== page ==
Slow dbms_parallel_execute.create_chunks_by_number_col ?

I have to apologise for the lack of content in the past few months, I’ve been stretching myself a little too thin. Some of you may know I’m trying to sell my apartment and move to the West Midlands, that’s turned out to be very stressful too! Anyway, I’ve found some time for this quick post so let’s get on with it.

I was using the dbms_parallel_execute package today to chunk up a reconciliation job (comparing the existence of primary key values between two tables in a DW). The only way I could think of comparing the columns without running out of temp (the tables are Tbs in size) was to batch up the comparison with value ranges. The easy way to chunk up my number column was using this dbms_parallel_execute procedure, but I ran into a performance problem pretty quickly.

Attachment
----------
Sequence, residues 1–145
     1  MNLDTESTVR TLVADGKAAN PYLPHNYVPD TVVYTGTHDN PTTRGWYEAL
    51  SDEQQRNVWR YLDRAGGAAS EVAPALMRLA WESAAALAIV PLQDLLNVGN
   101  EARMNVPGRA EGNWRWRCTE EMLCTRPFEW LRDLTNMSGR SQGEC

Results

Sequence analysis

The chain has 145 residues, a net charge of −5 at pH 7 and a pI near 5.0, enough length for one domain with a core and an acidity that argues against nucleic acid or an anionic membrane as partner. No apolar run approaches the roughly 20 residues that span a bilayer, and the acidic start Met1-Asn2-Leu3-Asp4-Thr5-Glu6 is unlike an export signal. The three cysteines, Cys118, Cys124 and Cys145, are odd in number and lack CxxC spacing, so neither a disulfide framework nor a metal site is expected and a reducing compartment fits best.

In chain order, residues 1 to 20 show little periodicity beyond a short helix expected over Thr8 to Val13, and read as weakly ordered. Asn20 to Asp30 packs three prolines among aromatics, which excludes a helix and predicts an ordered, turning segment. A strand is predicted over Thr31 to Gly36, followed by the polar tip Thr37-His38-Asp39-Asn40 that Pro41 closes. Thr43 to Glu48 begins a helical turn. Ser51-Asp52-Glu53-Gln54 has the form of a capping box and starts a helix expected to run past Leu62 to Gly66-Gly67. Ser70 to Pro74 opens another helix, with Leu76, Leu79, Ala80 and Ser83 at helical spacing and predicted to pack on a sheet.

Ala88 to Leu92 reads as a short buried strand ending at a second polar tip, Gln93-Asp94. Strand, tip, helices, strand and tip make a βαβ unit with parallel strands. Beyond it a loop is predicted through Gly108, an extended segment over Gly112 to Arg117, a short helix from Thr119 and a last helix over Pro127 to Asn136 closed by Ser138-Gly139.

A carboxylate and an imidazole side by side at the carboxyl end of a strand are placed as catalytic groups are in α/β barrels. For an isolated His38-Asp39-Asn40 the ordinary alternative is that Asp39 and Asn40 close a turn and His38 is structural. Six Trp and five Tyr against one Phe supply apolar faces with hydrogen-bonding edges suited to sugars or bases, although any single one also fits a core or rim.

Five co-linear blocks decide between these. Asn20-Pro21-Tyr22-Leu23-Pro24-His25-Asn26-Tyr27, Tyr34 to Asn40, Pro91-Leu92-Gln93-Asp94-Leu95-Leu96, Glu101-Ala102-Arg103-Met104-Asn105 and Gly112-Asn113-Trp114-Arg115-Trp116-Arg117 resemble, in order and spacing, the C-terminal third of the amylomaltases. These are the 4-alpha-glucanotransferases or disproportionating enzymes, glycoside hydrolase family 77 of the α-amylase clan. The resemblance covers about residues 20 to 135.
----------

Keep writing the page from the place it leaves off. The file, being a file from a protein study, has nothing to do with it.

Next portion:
Here’s a demo, first the setup:

create table as_dpe_number
(pk_col number primary key
,data_col varchar2(100)
);
create sequence as_dpe_number_seq;
declare
 sString varchar2(100) := rpad('x',100,'x');
begin
 for i in 1..100
 loop
 insert into as_dpe_number
 select as_dpe_number_seq.nextval, sString from dual connect by rownum <=10000;
 commit;
 end loop;
end;
/
exec dbms_parallel_execute.create_task('AS_TEST_NUMBER')

I have a table with 1,000,000 rows (which isn’t that much, but this is a demo), and I have setup my parallel execute task. Now I call the chunking procedure:

set timing on
ANDY@pdb1>exec dbms_parallel_execute.create_chunks_by_number_col('AS_TEST_NUMBER',user,'AS_DPE_NUMBER','PK_COL',1000)

PL/SQL procedure successfully completed.

Elapsed: 00:00:05.47

So that took 5.47 seconds to split my 1,000,000 rows into 1,000 batches of 1,000 rows. What’s the harm? Well if we look at where that 5 seconds went, using a quick n’ dirty query against v$active_session_history (and you must have paid for the diagnostics pack licence if you want to use it)

select ash.sql_id, substr(s.sql_text,1,52) sql_text, count(*)
from v$active_session_history ash
left join v$sql s